ShopTalk

Creating a business-friendly vibe in Harrisburg

Dave Damone, owner of Rocky River Coffee Co. located on Main Street in Harrisburg Town Center, chats with some of his regular customers.
Dave Damone, owner of Rocky River Coffee Co. located on Main Street in Harrisburg Town Center, chats with some of his regular customers. ogaines@charlotteobserver.com

When Dave Damone bought the Rocky River Coffee Co. in Harrisburg in 2007, he found the town to be a perfect fit for his small business.

Located in southern Cabarrus County, the town’s 14,000 residents are enough to support local trade, but too few to attract a wave of large chains.

“We have a great tight-knit customer base that wants to support local businesses,” says Damone, whose coffee shop is located inside Town Center, a retail and residential development that’s also the site for Town Hall.

Boosting the image of a town that’s friendly to small businesses has been of particular interest to government and business leaders in recent years, as they plan out Harrisburg’s economic development and shape its future growth. Consider some recent happenings:

▪ In September, a new “Welcome to Harrisburg” sign went up at the town’s border on N.C. 49, which officials describe as the first step in a multi-year plan to boost the town’s identity.

▪ This summer, a grassroots group of business and community leaders launched the Harrisburg Business Alliance to encourage people to shop locally and support Town sponsored events. The alliance is compiling a new business directory for Harrisburg’s approximately 400 registered businesses.

The group made its debut in August at a Small Business Briefing forum sponsored by Town Hall.

“It’s important to us that we have the town’s support because we want to be a liaison between the town’s small business and the government,” says alliance board member Dana Richie.

▪ Also this summer: A partnership between Harrisburg and Rowan Cabarrus Community College Small Business Center brought monthly seminars for business owners on mobile marketing, email marketing and social marketing to Town Hall.

▪ And businesses along the N.C. 49 corridor between Morehead and Roberta roads can apply for matching grants worth up to $20,000 for facade and site improvements. Businesses of any size are eligible. Applications are due by Jan. 31, 2016. It’s the first time this type of grant is being offered, according to the town.

Building business corridors

It’s not unusual for municipalities to take deliberate steps to support mom and pop businesses. What’s happening in Harrisburg now, leaders say, is the results of an intentional branding campaign in the works since 2013. As part of that effort, the town created two new full time positions: a communications director and an economic development director, both of whom work with businesses.

Looking ahead, town officials are turning their focus to three areas that could be developed as business corridors.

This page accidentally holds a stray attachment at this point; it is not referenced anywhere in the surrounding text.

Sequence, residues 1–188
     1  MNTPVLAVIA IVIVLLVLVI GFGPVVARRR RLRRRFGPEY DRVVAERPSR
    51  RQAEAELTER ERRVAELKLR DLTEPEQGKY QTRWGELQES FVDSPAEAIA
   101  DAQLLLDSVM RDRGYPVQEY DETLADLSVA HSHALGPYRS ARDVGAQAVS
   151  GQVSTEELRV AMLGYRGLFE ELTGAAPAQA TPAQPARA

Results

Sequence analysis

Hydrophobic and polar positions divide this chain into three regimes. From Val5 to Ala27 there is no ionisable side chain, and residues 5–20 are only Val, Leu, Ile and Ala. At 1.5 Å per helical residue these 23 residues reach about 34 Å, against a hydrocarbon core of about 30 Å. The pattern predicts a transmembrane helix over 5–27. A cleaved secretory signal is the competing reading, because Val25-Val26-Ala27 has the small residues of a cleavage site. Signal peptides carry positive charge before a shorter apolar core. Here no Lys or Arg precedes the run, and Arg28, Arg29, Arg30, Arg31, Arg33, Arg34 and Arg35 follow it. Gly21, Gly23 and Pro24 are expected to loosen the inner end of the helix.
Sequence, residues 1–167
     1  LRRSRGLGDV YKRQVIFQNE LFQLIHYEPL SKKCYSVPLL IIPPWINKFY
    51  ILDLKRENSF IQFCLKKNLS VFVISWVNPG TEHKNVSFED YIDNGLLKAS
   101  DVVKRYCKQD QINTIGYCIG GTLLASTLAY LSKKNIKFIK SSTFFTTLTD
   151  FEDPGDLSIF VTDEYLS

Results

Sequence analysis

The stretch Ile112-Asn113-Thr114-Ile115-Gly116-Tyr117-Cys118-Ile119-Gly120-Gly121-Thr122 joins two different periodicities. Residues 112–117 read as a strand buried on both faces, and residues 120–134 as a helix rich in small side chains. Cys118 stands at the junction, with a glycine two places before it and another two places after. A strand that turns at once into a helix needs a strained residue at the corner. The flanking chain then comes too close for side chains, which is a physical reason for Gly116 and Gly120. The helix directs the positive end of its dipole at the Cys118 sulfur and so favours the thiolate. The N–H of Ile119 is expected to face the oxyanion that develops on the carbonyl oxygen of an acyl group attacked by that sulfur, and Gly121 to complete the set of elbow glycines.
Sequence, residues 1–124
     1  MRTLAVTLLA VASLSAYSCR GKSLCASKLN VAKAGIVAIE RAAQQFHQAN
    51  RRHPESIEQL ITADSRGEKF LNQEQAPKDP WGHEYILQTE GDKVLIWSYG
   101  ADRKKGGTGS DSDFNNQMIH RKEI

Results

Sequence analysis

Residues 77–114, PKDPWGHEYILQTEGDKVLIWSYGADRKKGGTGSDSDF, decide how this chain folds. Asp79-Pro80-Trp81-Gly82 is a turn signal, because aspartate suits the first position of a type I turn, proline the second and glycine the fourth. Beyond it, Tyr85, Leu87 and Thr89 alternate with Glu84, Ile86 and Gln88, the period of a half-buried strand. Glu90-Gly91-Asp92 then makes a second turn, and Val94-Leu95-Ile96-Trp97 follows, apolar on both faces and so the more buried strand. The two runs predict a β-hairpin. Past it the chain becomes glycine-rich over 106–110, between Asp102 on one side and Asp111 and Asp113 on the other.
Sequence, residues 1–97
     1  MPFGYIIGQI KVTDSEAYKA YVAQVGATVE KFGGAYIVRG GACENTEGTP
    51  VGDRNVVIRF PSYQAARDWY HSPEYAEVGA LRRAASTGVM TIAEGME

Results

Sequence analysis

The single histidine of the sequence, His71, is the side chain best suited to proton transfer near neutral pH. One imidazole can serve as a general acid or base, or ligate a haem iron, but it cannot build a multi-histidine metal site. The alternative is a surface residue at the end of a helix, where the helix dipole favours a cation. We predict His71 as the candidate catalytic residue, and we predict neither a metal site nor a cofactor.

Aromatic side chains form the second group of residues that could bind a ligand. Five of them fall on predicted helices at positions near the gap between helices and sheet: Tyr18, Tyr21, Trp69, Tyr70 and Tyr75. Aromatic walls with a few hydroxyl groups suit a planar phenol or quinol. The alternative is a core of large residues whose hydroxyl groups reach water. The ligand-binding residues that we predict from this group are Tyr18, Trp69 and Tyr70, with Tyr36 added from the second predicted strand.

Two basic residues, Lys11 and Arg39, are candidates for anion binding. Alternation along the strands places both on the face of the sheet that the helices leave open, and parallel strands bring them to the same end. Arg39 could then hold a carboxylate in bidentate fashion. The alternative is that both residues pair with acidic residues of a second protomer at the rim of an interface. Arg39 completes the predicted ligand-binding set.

There’s Town Center, a 97-acre mixed-use development at N.C. 49 and Roberta Road. It’s home to the town’s Main Street, and is developed in a grid pattern to encourage pedestrians to walk to shops and offices. Small retailers include Damone’s coffee shop and a collection of restaurants and hair and nail salons.

Other areas are the N.C. 49 stretch, a corridor for people traveling to and from uptown Charlotte., and areas surrounding the Interstate 485 and Rocky River Road interchange.

“We’re just trying to establish an environment that makes folks want to come to us,” says Steve Sciascia, who was elected mayor in 2013 after eight years on Town Council.

What’s next

These potential development plans have some worried about retaining Harrisburg’s small-town feel. Population today is nearly triple from its 2002 count, when the town had 4,600 residents.

“It’s stressed that retail follows rooftops, but building homes causes stress on other areas, like schools, infrastructure, and utilities,” says Anna Lu Wilson, the town’s economic development director.

And Harrisburg retailers face competition in the form of Concord Mills, which is about 10 minutes away.

Damone, who is looking to expand his coffee shop, looks forward to alliance and government leaders working together to complete the Town Center, which broke ground in December 2000. Retailer occupancy is about 85 percent, and there is land available for new construction, according to Wilson.

“I would like to see more foot traffic based businesses, boutiques, things where people want to get out of their car and walk around on a Saturday afternoon,” says Damone.

That’s the vision that drew business owner Amber Fadio, who opened the southern chic boutique, Love You Back, in Town Center in 2012. She draws customers from Concord to Mint Hill.

“When I had my child I liked to shop boutiques so I didn’t have to go down a toy aisle,” Fadio says. “I wanted to bring that experience to the area.”

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